Distinction Between Pilot Privileges and Operational Rules:
It has come to the attention of the FAA that, in general, pilots do not know or completely understand that the privileges and limitations of their certificates are separate and distinct from the operational rules required to conduct a flight, or to put it simply, pilot certification rules vs. operational rules. A person who holds an ATP Certificate or a commercial pilot certificate may act as PIC of an aircraft operated for compensation or hire and may carry persons or property for compensation or hire. However, simply holding a commercial pilot or ATP certificate does not end the inquiry. A commercial pilot or ATP must meet the qualification requirements not only of part 61 but also the part under which the operation is conducted and the operator must hold the proper operating authority. Most operations involving the carriage of persons for compensation require the operator to hold a certificate under part 119 authorizing such operations to be conducted under part 135 or 121. (See 14 C.F.R. §§ 119.1 et seq., 135.1, and 121.1, and definitions codified at § 110.2) A pilot, for a flight operated under part 135 or 121,must meet additional qualification requirements like training, checking, and experience requirements. Therefore, in addition to ensuring compliance with the applicable pilot privileges and limitations in part 61, prior to conducting any operation a pilot must also determine what operational rules the flight is conducted under, whether the operator has the appropriate operational certification (a part 119 certificate), and whether the pilot has the requisite qualifications. Unless a valid exception from operational certification rules applies pursuant to § 119.1(e), operators (could be the pilot under certain circumstances) cannot engage in common carriage, e.g., holding out, unless they are operating in accordance with an air carrier certificate or commercial operating certificate. (See AC 120-12A).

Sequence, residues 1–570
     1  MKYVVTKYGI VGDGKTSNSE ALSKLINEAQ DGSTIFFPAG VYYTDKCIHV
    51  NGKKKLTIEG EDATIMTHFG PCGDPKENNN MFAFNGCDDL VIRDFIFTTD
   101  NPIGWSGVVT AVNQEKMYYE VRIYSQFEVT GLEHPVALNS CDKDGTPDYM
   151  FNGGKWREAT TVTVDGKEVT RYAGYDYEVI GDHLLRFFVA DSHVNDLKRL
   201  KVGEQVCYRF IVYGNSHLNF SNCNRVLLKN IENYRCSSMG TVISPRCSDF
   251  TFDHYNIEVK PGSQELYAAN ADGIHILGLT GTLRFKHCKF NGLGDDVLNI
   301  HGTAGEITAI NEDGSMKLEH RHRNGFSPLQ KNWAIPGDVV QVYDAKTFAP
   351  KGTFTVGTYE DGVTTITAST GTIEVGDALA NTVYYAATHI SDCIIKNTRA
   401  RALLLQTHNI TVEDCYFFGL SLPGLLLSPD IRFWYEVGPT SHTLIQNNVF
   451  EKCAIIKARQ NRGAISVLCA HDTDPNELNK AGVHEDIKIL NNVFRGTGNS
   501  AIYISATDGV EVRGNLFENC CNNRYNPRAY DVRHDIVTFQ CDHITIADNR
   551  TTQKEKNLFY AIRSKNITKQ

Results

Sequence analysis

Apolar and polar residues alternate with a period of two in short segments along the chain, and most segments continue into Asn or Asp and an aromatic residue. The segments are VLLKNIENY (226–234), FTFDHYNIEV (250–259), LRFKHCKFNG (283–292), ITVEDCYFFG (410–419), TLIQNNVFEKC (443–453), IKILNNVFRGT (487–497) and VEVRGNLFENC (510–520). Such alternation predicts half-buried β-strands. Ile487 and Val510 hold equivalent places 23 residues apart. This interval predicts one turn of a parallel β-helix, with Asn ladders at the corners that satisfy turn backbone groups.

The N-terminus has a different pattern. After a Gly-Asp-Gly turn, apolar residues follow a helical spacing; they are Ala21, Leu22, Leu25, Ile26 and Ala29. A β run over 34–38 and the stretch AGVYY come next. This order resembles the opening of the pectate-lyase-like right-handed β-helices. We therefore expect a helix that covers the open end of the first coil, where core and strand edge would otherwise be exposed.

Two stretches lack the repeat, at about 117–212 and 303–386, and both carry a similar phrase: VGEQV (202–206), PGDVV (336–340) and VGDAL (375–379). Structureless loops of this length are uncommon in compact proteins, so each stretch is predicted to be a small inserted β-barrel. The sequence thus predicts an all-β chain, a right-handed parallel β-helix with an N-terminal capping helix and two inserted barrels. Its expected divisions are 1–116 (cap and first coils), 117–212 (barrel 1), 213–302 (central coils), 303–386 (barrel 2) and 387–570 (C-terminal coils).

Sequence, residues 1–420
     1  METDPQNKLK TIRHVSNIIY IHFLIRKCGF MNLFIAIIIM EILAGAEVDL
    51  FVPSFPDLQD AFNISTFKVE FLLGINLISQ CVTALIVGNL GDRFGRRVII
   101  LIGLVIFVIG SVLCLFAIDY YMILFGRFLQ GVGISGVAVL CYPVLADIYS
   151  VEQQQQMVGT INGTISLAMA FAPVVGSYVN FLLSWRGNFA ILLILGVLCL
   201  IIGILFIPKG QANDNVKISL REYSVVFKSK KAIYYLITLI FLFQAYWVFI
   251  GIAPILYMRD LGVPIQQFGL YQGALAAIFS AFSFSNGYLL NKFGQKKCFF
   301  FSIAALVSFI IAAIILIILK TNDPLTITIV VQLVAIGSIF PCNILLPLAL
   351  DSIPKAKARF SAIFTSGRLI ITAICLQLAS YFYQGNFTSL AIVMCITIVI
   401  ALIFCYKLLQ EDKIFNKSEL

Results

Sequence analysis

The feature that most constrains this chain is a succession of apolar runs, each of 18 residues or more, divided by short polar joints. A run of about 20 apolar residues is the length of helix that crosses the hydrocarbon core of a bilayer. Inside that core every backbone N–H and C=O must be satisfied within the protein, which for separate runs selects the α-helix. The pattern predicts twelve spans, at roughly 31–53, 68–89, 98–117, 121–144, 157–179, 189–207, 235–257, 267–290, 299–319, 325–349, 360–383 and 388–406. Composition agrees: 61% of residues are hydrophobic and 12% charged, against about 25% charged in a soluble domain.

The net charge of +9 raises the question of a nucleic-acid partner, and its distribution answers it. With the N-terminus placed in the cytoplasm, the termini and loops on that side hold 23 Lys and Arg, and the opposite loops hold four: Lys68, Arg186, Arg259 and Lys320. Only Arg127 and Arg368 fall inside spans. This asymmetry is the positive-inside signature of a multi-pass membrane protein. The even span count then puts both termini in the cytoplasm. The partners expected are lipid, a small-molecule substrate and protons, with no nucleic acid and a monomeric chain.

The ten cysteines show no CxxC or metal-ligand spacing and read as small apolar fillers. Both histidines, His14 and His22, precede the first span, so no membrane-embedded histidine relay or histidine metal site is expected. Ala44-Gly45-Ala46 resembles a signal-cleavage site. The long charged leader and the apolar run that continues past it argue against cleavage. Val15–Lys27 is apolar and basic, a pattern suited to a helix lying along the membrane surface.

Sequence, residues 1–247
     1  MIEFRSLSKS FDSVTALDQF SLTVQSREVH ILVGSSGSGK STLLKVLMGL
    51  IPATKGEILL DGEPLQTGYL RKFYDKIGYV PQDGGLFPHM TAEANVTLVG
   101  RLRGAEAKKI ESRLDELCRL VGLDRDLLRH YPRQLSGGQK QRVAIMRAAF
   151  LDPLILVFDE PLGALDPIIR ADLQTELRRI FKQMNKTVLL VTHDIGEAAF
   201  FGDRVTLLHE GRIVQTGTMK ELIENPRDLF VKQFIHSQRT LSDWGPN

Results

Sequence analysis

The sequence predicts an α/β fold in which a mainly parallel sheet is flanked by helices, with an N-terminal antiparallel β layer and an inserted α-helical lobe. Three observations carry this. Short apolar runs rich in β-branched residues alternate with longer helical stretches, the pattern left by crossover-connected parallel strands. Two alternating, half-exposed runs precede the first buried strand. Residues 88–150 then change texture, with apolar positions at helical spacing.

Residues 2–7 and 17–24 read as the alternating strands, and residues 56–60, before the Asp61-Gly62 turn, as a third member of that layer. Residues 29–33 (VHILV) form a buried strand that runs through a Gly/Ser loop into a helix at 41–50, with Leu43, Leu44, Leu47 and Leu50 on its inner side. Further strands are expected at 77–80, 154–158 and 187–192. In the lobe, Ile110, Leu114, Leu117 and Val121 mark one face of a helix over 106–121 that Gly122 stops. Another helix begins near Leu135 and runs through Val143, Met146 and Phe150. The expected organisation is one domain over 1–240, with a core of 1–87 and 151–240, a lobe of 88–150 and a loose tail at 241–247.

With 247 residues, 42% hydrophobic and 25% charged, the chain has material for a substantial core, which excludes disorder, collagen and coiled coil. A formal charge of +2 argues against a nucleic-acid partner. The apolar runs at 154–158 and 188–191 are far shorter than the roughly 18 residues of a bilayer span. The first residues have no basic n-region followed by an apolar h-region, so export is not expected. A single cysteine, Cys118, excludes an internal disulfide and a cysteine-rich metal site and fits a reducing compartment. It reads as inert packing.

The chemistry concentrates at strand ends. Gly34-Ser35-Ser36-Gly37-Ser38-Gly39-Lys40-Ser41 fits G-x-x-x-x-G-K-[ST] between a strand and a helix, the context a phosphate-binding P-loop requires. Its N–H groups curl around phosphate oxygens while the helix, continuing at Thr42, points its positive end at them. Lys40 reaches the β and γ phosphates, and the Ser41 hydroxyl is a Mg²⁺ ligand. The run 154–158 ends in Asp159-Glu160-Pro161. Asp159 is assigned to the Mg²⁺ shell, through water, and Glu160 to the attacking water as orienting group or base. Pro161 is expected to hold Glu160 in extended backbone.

- An example of pilot confusion over these distinctions is as follows: During a conversation between an experienced part 135 pilot and an Aviation Safety Inspector (ASI), the pilot said “Doesn’t part 61 (61.133) say that a commercial pilot can transport persons or property for hire?” The ASI answered “Yes…but what does the rest of the sentence say?” …provided the person is qualified in accordance with the applicable parts of this chapter that apply to the operation…” The ASI then asked “Do you fly under part 61 or under an operating rule such as part 91 or part 135?” The pilot suddenly replied “Ohhhh! I see” he said, “part 61 is privileges and limitations, but we also have to comply with the operating rules. Got it!”
Commercial and ATP pilots should also remember that although these certificates allow them to receive compensation and operate aircraft carrying people for compensation or hire, they themselves cannot hold out the public unless they have been issued a part 119 certificate. (See Legal Interpretation from Mark Bury to Rebecca B. MacPherson (August 13, 2014)).
If you have questions regarding sharing of operating expenses, holding out, or pilot certification rules versus operating rules, please review the FARs, Advisory Circulars, and Legal Interpretations referenced herein. Additionally, you may contact your local Flight Standards District Office for assistance or seek the advice of a qualified aviation attorney.